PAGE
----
Skip to main content
Interdisciplinary Teaching

Interdisciplinary Teaching

Program Overview

Program Overview

As advancements in education continue to be a large focus in the U.S., teachers are in demand more than ever. It is evident that an early foundation is crucial to student success. So, join forces with our accomplished faculty on the path to become a confident and competent teacher. Depending on your preferred licensure range, you will gain teaching experience within appropriate grades of Nashville-area schools. Whether you choose licensure in PK-3, K-5, or 6-8* grades, you’ll have broad career potential based a solid foundation of effective teaching methods and practices.

The Nashville community provides opportunities for diverse experiences that include urban, suburban, and rural settings. You can add one or more areas of emphasis to gain certifications. If you choose to add an English Language Learner endorsement, you'll find you're even more marketable as a teacher. Lipscomb offers the opportunity for you to do a portion of your student teaching abroad through an international organization.

Lipscomb’s interdisciplinary teaching programs meet Tennessee licensure standards. You’ll gain the knowledge and practical experience you need to be well-prepared to pass the required content exams (Praxis) and the performance assessment of pedagogy (edTPA). You’ll be ready to teach in a wide variety of settings, sharing the content you love and making a difference in the lives of students and their families.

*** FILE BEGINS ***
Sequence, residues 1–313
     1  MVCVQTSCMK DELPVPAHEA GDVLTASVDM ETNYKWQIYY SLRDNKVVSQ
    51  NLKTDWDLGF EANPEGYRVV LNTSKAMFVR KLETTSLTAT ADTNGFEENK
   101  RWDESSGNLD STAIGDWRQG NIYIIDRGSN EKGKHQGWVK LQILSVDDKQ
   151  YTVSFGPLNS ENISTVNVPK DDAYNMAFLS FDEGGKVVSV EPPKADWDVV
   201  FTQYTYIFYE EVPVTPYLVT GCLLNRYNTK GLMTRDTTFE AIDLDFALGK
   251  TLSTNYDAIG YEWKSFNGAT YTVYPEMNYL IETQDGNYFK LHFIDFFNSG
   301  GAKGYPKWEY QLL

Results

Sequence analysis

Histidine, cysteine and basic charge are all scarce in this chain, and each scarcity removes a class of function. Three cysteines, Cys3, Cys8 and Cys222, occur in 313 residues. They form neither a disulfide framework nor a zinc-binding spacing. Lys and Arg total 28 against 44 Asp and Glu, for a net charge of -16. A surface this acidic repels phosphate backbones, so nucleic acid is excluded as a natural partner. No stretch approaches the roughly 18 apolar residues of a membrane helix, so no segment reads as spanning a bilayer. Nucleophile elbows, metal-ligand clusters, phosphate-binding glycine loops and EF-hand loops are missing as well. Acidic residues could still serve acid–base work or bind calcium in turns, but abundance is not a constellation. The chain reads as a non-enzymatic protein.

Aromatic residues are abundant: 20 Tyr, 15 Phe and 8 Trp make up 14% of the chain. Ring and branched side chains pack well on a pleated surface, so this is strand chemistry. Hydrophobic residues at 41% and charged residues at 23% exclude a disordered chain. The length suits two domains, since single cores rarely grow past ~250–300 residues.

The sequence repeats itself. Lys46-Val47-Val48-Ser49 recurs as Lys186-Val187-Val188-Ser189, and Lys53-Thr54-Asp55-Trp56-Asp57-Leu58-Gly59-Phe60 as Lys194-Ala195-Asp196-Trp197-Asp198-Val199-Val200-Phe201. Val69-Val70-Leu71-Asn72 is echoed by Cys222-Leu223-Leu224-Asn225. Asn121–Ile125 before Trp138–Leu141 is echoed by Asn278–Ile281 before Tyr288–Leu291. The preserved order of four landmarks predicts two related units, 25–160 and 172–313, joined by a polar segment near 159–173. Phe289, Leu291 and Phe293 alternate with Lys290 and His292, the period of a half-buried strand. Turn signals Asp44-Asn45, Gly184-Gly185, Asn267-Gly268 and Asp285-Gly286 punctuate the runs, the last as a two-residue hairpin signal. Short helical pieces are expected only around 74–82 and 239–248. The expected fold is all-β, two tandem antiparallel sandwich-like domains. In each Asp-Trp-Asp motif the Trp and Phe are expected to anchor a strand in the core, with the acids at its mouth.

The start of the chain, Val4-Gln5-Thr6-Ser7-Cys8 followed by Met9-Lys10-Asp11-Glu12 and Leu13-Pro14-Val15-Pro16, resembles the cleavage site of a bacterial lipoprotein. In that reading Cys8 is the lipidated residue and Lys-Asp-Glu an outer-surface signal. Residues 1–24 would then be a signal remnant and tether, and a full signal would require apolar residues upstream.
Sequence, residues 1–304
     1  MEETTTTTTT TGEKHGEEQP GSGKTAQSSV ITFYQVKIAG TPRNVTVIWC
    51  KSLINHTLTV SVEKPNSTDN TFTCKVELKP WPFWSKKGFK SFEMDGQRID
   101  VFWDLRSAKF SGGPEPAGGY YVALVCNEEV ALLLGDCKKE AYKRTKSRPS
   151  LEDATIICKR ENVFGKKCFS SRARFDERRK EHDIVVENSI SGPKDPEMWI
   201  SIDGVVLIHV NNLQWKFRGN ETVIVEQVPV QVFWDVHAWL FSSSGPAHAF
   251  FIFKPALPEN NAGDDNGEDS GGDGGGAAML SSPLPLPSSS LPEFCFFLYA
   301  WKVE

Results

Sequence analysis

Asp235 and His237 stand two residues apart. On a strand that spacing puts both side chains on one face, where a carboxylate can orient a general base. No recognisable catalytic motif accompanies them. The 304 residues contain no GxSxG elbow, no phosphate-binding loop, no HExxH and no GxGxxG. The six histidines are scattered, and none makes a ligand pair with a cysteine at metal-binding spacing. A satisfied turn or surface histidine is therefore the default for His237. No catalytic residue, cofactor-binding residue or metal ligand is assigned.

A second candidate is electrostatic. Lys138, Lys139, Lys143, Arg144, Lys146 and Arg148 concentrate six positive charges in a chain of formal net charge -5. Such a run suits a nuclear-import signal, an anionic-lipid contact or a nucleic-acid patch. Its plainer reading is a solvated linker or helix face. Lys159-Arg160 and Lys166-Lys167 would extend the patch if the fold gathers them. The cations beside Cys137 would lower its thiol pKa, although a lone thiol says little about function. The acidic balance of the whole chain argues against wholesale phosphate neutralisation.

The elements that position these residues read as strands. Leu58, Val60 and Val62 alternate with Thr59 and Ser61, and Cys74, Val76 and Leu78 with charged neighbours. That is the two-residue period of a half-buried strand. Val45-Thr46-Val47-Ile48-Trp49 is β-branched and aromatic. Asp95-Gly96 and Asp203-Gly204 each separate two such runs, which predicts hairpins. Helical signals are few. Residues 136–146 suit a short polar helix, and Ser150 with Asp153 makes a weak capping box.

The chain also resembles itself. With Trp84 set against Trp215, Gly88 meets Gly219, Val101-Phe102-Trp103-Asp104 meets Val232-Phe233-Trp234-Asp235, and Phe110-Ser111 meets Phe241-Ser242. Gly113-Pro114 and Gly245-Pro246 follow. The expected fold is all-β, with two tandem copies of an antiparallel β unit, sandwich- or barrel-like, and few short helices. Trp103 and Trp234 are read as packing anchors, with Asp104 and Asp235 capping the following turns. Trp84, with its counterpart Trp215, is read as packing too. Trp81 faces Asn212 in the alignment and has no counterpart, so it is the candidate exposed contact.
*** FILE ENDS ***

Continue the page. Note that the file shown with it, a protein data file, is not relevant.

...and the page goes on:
* Under Tennessee state law, teachers with 6-8 Licensure can also teach fifth and ninth grades within certain parameters.

Courses

Courses

Job placement

With a top-tier university education on your resume, you’ll be in high demand, whether you choose to launch your career or begin graduate school. Most of our programs have a placement rate of at least 90 percent within six months of graduation.

Expert faculty, small class sizes

Learn from award-winning, experienced faculty who actually care about you. Our small class sizes allow us to get to know you personally. We lead an approachable community within our respective programs. Our faculty connections are the experts on their subject matter, too.

Nashville

A big city. An even bigger opportunity. We consider Nashville an extension of our classroom, and as a leading city in many industries, that means you’ll gain experience and insight you won’t find anywhere else.

Our Faculty

  • Junior High

    Junior High

    Chair, Undergraduate Education

    Junior High graduated from David Lipscomb College (now Lipscomb University) in June 1970.  He was employed that year as a middle school teacher at Head School in Nashville, Tenn.  After 11...

    Learn More
  • Megan Parker Peters

    Megan Parker Peters

    Associate Professor of Education

    Megan Parker Peters is an associate professor and the Director of Teacher Assessment at Lipscomb University. She is a licensed psychologist and school psychologist who focuses on the needs of...

    Learn More
  • Sarah Duncan

    Sarah Duncan

    Associate Professor

    Sarah Duncan was a language arts teacher and intervention coach in Mississippi before coming to Lipscomb. A former National Board Certified Teacher, she currently teaches literacy and clinical practice courses...